Posts tagged health care reform
Kick Your Butts

There's no way around it, smoking is bad for you.  On top of the negative health effects, smoking also strains our economy.  In fact, current estimates suggest $100 billion health care dollars could be saved each year by reducing the number of smokers.  So to offer some food for thought for any smokers out there, I wanted to share some of my recent findings. First, I came across some interesting statistics that I wanted to share (from Science Progress):

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Life, Liberty, and the Pursuit of Affordable Health Care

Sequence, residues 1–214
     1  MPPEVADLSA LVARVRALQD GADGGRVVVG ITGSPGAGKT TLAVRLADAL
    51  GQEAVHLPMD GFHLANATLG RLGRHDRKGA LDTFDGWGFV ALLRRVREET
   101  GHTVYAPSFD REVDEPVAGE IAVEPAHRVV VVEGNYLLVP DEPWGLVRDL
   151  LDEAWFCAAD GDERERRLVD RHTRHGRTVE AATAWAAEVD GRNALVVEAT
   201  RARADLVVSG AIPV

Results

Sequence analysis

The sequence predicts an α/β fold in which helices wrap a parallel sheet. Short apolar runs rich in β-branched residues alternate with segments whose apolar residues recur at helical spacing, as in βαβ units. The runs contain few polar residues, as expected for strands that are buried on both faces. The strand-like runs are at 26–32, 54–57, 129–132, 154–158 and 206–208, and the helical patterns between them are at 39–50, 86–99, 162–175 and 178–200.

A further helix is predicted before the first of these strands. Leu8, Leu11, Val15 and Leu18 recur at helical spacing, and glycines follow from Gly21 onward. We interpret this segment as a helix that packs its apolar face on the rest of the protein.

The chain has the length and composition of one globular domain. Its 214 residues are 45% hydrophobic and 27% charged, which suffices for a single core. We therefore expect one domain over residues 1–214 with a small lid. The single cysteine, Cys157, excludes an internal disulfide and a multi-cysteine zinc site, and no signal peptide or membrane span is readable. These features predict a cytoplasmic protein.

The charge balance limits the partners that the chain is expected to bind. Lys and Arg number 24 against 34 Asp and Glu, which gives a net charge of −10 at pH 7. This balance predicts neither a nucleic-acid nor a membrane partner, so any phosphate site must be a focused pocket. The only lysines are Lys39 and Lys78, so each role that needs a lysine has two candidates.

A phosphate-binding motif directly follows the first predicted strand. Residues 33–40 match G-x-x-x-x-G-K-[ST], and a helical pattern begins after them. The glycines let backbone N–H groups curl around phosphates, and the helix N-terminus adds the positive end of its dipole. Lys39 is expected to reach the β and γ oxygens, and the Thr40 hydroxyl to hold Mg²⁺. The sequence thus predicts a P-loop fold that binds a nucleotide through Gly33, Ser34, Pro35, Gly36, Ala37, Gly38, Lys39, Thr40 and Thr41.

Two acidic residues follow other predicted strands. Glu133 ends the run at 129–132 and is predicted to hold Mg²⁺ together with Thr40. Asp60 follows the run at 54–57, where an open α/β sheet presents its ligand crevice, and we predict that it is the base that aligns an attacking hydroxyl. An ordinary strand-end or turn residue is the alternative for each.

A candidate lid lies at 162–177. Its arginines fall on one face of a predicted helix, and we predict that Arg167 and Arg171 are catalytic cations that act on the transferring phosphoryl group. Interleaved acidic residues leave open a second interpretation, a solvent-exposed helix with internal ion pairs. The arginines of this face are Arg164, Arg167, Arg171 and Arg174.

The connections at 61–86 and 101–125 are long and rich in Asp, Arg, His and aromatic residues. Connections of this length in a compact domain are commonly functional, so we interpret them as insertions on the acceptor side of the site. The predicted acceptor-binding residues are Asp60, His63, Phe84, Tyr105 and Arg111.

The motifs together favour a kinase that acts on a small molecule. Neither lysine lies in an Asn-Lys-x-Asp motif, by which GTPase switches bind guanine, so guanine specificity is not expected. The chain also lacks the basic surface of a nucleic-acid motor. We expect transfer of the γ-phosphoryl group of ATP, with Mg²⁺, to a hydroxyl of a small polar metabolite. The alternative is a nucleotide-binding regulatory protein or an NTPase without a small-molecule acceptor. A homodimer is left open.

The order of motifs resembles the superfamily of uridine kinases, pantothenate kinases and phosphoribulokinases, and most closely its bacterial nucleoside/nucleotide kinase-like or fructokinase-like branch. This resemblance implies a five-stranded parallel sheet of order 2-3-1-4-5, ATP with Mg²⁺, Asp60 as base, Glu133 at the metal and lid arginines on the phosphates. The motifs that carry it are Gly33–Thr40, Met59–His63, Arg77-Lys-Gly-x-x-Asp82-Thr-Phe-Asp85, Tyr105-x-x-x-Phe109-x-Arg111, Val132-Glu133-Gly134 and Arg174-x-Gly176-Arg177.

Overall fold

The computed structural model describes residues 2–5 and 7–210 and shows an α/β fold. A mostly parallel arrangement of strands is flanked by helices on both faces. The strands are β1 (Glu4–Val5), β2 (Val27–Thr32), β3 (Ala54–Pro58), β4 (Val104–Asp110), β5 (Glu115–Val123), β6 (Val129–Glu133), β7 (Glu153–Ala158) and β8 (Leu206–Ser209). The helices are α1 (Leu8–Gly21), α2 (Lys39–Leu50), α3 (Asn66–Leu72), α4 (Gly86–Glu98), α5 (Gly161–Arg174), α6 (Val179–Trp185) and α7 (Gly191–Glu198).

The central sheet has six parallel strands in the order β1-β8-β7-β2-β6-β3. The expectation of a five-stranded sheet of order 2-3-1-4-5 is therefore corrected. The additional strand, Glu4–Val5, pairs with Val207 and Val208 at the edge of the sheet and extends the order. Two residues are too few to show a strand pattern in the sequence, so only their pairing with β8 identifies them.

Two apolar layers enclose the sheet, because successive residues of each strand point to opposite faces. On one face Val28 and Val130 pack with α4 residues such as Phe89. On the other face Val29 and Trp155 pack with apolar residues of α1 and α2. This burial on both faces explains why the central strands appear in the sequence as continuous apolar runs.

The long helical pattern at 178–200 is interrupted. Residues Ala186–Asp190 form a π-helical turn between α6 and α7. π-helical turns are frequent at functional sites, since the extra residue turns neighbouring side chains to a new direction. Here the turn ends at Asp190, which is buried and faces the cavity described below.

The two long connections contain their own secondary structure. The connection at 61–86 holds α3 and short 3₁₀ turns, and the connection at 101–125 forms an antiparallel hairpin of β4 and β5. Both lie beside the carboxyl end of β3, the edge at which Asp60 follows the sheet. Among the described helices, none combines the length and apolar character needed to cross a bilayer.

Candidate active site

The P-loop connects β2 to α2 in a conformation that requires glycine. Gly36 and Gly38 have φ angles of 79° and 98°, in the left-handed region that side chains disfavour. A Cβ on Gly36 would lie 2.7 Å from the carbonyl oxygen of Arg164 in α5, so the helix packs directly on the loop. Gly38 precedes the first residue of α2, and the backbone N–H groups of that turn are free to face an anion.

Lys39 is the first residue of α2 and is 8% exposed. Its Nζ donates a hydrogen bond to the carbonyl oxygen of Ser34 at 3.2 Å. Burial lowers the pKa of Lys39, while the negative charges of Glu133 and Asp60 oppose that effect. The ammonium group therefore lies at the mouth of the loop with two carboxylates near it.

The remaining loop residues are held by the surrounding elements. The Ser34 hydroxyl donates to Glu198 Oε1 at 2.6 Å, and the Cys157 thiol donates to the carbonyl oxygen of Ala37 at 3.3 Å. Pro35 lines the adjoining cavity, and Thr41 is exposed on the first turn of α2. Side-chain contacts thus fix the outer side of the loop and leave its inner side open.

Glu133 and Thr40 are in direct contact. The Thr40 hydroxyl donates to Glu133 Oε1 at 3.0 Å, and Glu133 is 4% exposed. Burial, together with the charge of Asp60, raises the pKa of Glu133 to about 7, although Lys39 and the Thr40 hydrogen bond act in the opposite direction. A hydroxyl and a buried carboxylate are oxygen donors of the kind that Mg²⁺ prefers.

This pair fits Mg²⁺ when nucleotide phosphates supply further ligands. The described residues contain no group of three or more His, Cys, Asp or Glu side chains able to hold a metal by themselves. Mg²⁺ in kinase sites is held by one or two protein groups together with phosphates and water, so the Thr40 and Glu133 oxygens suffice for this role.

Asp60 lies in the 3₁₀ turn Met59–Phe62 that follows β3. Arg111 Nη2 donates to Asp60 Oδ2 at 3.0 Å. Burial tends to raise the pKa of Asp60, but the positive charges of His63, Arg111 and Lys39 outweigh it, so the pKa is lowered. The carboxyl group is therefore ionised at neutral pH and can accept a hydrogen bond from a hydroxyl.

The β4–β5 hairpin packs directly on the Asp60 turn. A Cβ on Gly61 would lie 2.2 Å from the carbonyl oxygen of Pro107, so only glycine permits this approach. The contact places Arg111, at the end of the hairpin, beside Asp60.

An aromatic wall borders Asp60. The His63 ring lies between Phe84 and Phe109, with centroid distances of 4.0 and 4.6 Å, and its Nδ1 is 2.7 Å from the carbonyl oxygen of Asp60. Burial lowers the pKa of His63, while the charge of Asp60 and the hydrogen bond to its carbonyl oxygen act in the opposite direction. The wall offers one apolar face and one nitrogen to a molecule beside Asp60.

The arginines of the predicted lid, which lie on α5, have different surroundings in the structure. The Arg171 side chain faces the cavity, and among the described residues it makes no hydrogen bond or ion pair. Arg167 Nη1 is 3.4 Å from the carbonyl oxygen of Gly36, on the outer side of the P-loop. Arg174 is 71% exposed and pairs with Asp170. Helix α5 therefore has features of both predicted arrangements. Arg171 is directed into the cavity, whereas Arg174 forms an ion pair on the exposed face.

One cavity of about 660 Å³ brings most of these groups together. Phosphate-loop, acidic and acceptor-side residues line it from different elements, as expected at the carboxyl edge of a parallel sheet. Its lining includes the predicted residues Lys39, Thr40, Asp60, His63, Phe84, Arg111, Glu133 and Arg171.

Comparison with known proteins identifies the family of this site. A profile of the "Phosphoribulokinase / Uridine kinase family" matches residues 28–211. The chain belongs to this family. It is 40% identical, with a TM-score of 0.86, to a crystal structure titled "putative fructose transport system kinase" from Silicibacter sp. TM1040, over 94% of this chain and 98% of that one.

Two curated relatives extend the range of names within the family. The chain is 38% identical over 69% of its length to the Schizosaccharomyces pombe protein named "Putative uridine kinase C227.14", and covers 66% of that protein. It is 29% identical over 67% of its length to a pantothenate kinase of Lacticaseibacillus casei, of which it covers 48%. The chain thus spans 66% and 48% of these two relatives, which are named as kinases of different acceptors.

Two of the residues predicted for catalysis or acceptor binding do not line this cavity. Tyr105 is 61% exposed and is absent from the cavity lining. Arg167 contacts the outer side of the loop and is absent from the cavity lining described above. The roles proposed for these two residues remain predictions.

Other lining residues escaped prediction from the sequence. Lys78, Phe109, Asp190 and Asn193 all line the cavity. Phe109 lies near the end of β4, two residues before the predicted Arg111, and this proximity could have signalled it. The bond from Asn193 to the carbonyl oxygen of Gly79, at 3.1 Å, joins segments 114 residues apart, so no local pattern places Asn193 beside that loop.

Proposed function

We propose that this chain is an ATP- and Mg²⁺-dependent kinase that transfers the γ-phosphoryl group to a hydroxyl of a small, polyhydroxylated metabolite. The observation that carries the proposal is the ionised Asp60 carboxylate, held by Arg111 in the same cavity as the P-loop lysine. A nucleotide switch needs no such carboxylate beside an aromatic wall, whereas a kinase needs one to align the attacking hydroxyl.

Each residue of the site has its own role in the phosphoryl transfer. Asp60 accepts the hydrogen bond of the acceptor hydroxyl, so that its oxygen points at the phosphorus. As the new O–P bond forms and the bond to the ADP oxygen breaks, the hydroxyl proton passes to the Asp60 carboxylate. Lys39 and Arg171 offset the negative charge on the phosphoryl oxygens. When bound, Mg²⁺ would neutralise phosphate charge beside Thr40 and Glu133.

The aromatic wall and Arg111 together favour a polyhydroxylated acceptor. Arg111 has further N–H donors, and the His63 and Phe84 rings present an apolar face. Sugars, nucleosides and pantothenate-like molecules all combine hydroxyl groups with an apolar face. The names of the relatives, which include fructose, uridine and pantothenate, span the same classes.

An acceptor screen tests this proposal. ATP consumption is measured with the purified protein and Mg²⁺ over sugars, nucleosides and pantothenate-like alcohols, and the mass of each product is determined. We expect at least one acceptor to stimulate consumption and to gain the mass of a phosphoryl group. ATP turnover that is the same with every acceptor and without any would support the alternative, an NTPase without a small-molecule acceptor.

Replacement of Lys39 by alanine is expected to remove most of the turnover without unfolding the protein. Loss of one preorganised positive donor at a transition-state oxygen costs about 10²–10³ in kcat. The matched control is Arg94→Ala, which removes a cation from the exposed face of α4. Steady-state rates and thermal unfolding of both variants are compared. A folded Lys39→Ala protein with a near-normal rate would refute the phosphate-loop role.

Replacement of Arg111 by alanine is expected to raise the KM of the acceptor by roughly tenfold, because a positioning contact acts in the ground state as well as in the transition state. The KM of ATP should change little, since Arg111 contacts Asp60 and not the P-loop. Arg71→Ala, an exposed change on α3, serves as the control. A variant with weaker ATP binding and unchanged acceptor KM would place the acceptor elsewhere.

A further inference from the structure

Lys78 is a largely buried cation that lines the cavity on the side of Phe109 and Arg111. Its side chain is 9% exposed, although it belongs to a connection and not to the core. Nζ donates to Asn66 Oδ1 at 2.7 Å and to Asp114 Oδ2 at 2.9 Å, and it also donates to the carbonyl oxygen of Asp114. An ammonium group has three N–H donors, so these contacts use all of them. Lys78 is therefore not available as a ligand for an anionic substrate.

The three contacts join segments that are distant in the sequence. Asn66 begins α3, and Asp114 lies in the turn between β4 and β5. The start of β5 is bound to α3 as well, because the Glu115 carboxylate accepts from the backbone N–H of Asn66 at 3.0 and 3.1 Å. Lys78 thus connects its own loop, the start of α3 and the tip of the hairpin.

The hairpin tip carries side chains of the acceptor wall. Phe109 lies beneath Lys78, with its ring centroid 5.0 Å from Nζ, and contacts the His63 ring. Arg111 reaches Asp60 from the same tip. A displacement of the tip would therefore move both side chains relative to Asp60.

In my opinion, our inalienable rights should be restated as the title of this post suggests.  But despite my wishful thinking, health care costs continue to rise.  By 2030, the boomer generation will place 57.8 million people in the 66-84 age group, further burdening current government funding for Medicare.  The outlook is bleak, and the system needs fixing.  One idea for lowering health care costs is to move health services out of the clinic, and into the home.  New web-based services and personal diagnostic equipment now enable patients to receive medical care from the comfort of their living room.  Is it realistic this model will reduce costs and stick?  I'll cover the web-based services in this post, and follow up with another post on home diagnostic equipment. Web-based doctor's appointments are now available in several states.  For example, at $10 per month, and $50 per consultation, SwiftMD offers an online health care plan in New York and New Jersey.  Within 30 minutes of scheduling an appointment, subscribers have either a phone conversation or an online video chat with an available physician.  If prescriptions are required, the physician sends the request electronically to the pharmacy of the subscriber's choice.  A step further in service, Hello Health adds conveniences such as the ability to text, instant message, or tweet your doctor, and also offers clinic appointments or house calls for more serious conditions.  Both SwiftMD and Hello Health do not cover major medical expenses, so if the subscriber has to go to the emergency room or be admitted to the hospital, the cost is theirs.  Also, neither accepts insurance, but compared to ever increasing health insurance premiums and the number of uninsured patients, an affordable "pay for what you need" model may just work.

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